Top Tip: don’t watch interviews with the cast; it will remind you that Timothée Chalamet is, in fact, straight 😦
His slightly awkward wardrobe ー contrasted with his absolute obsession with Oliver’s breezy shirts and shorts ー compliments the characterisation nicely. The way he wears these sunglasses, for example, should tell you all you need to know about the care with which Elio has been created by everyone involved in building this character.
In a way, Oliver is a realisation of Elio’s youthful self-obsession: an adolescent fantasy come to life. Elio for Oliver seems to be that even more so.
I’ve seen this film a few times now ー including twice at the cinema when it came out ー and I’ve had different reactions to Oliver’s character each time. It is easy to get swept up in the (aforementioned) stunning cinematography and the intense romance without considering the characters in much depth. Examining them even briefly, it’s easy to see that both are heavily self-centred; though, while Elio’s selfishness can be excused by age, Oliver’s cannot. This is compounded with unfortunate casting choices: Timothée Chalamet was 20 at the time of filming, but comfortably passed for 17; Armie Hammer was nearly 30, but could definitely not pass for 24.
An exaggerated age difference combined with equal levels of immaturity causes some issues when you look beneath the surface level of intense longing and moonlight kisses. A 30-year-old fucking a 20-year-old? Not creepy. A 24-year-old fucking a 17-year-old? A little creepy. A 30-year-old fucking a 17-year-old? Definitely creepy, and surely illegal. You see our problem here.
Even through Elio’s idealised and loving gaze, we can discover several things to dislike about Oliver’s character. He seems to play with Elio for his own satisfaction: when they first kiss, he feigns restraint, cutting it off only when it is already too late, tantalizing Elio and leaving him wanting more. The day before they first sleep together, Oliver leaves Elio a note to tell him to “meet him at midnight”. Elio spends the whole day in anticipation; Oliver, knowing this, asks him the time. Later, Oliver stays out all afternoon, purposefully making Elio wait so he will desire him more desperately by the evening. While it is true that Oliver often checks in with Elio when they’re together to check if he’s okay, this can seem ingenuine: of course he’s going to say yes ー he’s madly in love with you, and you know it too.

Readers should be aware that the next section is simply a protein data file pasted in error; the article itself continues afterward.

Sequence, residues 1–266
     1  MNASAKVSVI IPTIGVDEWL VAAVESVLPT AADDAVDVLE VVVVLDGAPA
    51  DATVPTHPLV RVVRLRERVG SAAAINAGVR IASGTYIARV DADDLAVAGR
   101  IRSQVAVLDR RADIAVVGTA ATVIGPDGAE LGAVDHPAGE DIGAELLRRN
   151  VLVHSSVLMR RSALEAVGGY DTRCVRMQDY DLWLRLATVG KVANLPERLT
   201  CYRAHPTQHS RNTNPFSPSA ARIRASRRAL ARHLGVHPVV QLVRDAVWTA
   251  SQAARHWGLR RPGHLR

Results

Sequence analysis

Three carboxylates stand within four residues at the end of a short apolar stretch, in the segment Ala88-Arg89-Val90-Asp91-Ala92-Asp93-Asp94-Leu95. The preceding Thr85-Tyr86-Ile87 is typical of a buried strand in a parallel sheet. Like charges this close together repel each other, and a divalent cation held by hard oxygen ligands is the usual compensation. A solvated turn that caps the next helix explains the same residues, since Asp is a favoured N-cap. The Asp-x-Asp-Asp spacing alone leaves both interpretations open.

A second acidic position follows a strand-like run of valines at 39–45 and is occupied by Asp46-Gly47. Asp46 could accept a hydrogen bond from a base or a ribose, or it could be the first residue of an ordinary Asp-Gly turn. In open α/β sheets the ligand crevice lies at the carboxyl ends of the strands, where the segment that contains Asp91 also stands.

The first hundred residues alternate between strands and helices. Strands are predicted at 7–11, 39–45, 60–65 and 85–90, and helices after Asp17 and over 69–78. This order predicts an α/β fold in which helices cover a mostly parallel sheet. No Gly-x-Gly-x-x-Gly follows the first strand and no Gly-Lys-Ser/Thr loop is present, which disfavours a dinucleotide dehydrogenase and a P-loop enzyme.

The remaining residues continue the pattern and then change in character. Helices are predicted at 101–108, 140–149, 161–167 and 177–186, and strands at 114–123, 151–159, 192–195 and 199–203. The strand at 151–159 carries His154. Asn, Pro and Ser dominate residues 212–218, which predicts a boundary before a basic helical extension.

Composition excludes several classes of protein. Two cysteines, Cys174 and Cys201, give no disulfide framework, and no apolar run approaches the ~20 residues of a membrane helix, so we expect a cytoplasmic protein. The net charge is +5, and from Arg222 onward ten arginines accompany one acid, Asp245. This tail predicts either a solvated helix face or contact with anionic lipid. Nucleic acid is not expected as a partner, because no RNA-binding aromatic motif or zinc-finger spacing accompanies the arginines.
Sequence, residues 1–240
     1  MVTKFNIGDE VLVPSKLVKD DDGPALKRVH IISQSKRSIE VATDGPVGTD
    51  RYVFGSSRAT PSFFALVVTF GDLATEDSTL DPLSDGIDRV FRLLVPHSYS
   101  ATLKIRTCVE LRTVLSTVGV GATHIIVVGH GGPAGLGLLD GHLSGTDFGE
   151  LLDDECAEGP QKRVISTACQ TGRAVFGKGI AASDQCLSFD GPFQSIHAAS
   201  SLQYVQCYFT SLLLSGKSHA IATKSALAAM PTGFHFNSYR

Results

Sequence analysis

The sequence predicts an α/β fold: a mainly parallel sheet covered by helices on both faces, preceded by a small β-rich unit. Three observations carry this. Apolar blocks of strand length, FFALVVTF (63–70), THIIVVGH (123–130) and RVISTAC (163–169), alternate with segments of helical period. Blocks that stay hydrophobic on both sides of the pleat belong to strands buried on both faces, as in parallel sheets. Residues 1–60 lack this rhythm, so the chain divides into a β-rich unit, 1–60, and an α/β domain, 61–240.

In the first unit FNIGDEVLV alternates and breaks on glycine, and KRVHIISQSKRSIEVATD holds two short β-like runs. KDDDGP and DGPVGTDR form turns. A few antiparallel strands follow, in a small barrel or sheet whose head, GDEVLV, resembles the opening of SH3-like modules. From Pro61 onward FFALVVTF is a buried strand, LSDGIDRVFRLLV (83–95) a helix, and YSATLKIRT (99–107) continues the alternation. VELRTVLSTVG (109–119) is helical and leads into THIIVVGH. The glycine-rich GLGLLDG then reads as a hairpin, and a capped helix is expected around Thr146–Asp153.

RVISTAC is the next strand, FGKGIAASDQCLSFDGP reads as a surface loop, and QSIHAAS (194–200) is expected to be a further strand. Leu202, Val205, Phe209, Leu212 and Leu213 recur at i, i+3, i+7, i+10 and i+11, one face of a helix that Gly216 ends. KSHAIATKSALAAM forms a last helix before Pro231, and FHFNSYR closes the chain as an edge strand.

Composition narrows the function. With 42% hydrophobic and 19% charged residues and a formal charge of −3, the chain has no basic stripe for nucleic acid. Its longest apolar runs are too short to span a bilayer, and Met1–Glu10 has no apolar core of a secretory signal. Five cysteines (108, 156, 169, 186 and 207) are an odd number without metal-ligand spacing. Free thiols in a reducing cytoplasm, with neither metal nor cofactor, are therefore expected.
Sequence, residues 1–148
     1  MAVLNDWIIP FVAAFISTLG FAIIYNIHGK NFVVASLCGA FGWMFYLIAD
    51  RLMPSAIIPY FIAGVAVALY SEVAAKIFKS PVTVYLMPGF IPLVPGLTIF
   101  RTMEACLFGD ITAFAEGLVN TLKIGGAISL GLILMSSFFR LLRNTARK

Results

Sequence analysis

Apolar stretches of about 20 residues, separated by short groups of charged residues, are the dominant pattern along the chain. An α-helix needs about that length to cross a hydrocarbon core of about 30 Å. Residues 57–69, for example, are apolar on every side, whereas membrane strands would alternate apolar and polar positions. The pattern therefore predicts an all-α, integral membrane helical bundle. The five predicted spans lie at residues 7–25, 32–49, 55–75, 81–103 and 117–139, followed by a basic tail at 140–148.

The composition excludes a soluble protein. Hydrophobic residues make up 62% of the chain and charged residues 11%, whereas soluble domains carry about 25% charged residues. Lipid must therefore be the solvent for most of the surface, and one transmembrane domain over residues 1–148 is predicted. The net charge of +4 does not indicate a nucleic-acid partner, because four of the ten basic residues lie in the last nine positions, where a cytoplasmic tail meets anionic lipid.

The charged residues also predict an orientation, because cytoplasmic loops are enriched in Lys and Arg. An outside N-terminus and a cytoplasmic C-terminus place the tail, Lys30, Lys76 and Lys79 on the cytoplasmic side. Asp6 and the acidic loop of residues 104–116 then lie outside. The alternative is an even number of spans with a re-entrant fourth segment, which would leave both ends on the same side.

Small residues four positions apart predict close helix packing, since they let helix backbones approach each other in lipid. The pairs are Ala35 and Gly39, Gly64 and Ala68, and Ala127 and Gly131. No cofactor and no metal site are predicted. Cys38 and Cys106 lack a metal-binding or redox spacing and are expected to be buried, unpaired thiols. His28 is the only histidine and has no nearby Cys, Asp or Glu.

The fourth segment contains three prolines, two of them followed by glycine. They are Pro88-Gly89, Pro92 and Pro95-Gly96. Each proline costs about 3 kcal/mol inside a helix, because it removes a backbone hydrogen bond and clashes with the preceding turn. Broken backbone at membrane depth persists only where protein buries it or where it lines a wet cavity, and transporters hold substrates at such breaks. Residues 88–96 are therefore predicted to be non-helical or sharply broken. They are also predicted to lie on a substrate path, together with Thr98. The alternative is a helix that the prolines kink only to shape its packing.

Britney Line Time: “I wanna go all the way / Taking out my freak tonight / I wanna show all the dirt / I got running through my mind”
Let it be known that my dislike of a main character as a person is not inherently a dislike of the film. Rather, I wish to point out here that I found it confusing that other reviews, and especially audience feedback, fail to delve into Oliver’s character flaws. We can argue indefinitely about how inappropriate the age-gap is, but I found the way that Oliver exploits Elio’s adolescent fascination with him ultimately more problematic.
The fact that I wasn’t sure whether this was intentional or not ー from the writing, to the distracting cinematography, to Hammer’s portrayal ー is perhaps my biggest problem with the film as a whole. Everything else about this film seems so meticulously well-placed, but the ambiguity surrounding Oliver left me lost.
Call Me By Your Name
The title is first teased when they shout each other’s names joyfully when playing in the water (interestingly, just after they uncover the statue perhaps linking it to the Greco-Roman motif). When the titular motif initially appears, after they’ve had sex for the first time, Oliver’s request is a genuine and ardent. Elio repeats “Elio” to Oliver, and vice-versa. While it is presented (and received by Elio) as romantic, I couldn’t help but see it as a comment on the characters’ narcissism: the most romantic thing Oliver can think of to do is to make his lover assume his own identity. Considering that the film exists within such a contained world, whether this comment extends to gay men’s narcissism more generally is harder to say.
This idea of copying and assuming identity extends beyond simply “call me by your name”. Hell, even the letters in Elio’s name are contained within those of Oliver. On Elio’s part, romantic obsession becomes something even more intense, and he is further infantilised by his attempts not just to be more like Oliver, but indeed to become him; much as a child imitates a cool friend or an older sibling Elio imitates Oliver. After he sees Oliver wearing a star of David around his neck, Elio does the same; Elio takes and wears Oliver’s shirt; Elio compares himself directly to Oliver, saying to his father “I think he was better than me”; Elio repeats Oliver’s letter to him out loud in his own voice. This infantilisation of Elio, only encouraged by Oliver himself, only makes the latter seem that much more manipulative.
Overall, this film is simply and unequivocally gorgeous: the landscapes, the historic buildings, the seemingly endless summer, the romance, and the looming promise of bittersweet heartbreak. Yet, when we look beneath the surface, its apparent merits become more polarising: the cinematography and symbolism gain more depth and meaning; conversely, romantic motivations become more sordid, confused and potentially problematic.
Ultimately, while its clumsiness in morality and meaning let it down to an extent, Call Me By Your Name has definitely earned its spot as a modern gay classic. We should, however, be careful about putting it on a pedestal: just like Oliver’s character, and indeed Elio’s, the film is not above criticism.